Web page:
Energy Efficiency has Become the New Conspicuous Consumption
Jeff Kussard (email@example.com) is strategic development director for Capitol.
I, like many of my colleagues in CI, now find myself becoming occasionally wistful thinking about the long, exciting run we experienced over the previous decade. It was a time when a seemingly endless supply of new housing starts inspired a breadth of advanced technologies and products that appealed to every need and a variety of budgets. When the change came, it came fast, leaving many pros scratching their heads about how best to proceed in a new and, for some, intimidating market. Here are four observations about the current state of our market and how you can position your company for success in this new era.
1 The days of conspicuous consumption are over. Let’s face it, the era of conspicuous consumption is over. While an economic recovery is on the way, none of us should expect to experience the same level of veracity, even when more consumers are gainfully employed. For an industry that relies on occasionally extravagant spending, it is time to step back and reflect upon what direction we must take in order to remain strong and profitable.
2 There is a financial incentive to consumers to being green. Even before the downturn, the trend toward greener technologies and products was in full swing, and it has only picked up velocity over the past two years. It is no surprise that consumers are looking for ways to save on energy costs, oh and maybe to help protect the environment a little bit.
While consumers are jumping in to do their part in ever increasing numbers, the fact of the matter is that they wouldn’t be doing so if there wasn’t a green incentive of the financial kind.
3 Manufacturers are giving us a green story to tell. Our vendor partners are well aware of the green trend and are responding with products that are ENERGY STAR compliant and, in many cases, RoHS compliant as well (see sidebox). While RoHS is of primary concern to manufacturers who do business in Europe, it’s also proving to be an effective selling tool here at home. I’ve spoken with many creative dealers who are quick to point out to their clients just how RoHS certification means that they are buying products that are more efficient and ecologically sound than those that are not. Combined with the ENERGY STAR story, consumers correctly believe that RoHS compliance may lead to saving a few dollars on energy bills while keeping their region free of hazardous materials.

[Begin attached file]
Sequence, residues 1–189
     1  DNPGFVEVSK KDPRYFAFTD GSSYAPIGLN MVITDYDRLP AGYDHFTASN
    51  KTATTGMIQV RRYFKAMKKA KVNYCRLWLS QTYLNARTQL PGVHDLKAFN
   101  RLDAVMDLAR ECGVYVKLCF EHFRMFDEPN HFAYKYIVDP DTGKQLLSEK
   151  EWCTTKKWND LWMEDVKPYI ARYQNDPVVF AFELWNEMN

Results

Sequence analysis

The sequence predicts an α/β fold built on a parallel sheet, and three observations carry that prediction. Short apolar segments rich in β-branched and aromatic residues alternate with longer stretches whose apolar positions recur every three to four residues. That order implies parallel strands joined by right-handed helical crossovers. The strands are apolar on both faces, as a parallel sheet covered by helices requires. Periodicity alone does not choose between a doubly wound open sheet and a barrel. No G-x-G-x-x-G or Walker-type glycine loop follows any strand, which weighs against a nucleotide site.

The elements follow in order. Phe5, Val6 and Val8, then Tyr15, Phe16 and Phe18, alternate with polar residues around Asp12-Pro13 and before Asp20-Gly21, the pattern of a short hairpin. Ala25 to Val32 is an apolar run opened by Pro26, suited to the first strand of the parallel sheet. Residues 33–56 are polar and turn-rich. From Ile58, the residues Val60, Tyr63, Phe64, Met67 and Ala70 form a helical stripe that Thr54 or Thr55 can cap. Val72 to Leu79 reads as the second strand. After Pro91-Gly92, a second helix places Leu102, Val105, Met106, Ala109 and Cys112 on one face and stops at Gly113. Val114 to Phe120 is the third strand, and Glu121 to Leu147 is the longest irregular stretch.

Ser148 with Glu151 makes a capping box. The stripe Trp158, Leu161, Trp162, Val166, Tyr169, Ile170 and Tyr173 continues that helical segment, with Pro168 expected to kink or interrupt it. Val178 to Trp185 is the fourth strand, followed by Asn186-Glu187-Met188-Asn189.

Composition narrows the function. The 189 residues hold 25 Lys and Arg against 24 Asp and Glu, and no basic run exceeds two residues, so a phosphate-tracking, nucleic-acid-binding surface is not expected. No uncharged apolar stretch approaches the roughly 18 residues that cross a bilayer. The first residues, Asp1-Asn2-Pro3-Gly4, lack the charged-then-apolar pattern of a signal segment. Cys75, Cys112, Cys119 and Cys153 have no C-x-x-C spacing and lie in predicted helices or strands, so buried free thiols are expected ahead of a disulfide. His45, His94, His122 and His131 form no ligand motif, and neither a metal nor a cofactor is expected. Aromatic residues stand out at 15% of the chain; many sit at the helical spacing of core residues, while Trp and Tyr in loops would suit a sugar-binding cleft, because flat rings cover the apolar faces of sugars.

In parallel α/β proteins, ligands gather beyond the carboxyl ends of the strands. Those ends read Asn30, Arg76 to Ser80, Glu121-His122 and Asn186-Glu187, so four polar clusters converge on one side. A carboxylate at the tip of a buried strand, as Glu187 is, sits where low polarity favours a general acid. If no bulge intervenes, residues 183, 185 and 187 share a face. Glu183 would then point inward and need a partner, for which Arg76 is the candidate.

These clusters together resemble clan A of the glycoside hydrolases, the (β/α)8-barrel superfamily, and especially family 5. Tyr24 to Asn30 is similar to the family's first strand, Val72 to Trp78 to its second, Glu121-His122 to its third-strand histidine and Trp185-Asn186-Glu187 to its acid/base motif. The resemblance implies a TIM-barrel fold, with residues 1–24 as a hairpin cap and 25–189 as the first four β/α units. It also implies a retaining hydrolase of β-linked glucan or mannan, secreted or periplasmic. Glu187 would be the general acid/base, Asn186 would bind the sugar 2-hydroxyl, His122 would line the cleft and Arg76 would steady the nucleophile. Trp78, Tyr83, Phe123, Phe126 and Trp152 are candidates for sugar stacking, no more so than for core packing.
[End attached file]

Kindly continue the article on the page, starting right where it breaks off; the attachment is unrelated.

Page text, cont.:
4 Consumers will respond to a green message, if you have one. The perception of green is almost as important as being green. No, I’m not advocating that we mislead our end-users. Rather, it is up to us to tout the green side of the business across the board. From advertising to websites, we must be relentless in our approach to highlighting the green benefits of our products and services whenever and wherever the opportunity exists.
For example, I tell our dealers that their promotional materials (including web sites and social networking pages) should always feature a section on how being green is good for the environment and the wallet. Detail those products that can be positioned as such, with emphasis on how they present a more affordable option than less ecologically sound alternatives. Also, it is worthwhile to feature general standards and recycling practices for the region, with information on how your business is supporting these practices to the betterment of the community.
And it isn’t enough to just talk about the products in your catalog. Here is where a dealer can become a bona fide resource, reaching out to an existing database, placing editorial in local newspapers and web forums, and speaking at local gatherings to discuss how specific trends in electronics are helping to improve the environment while saving a few dollars at the end of the month.
It all comes down to branding. There is no question that the green mindset will be with us for the foreseeable future, and I couldn’t be happier. As consumers retreat from conspicuous consumption, the CI industry is turning to more practical concerns to remain vital.
Unfamiliar with RoHS?
RoHS refers to the Restriction of Hazardous Substances directive that was adopted by the European Union in 2003. Simply put, RoHS restricts the use of hazardous materials in the manufacture of various types of electronics and electrical equipment. While the standard is of primary concern to manufacturers who do business in Europe, it’s also proving to be an effective selling tool in North America.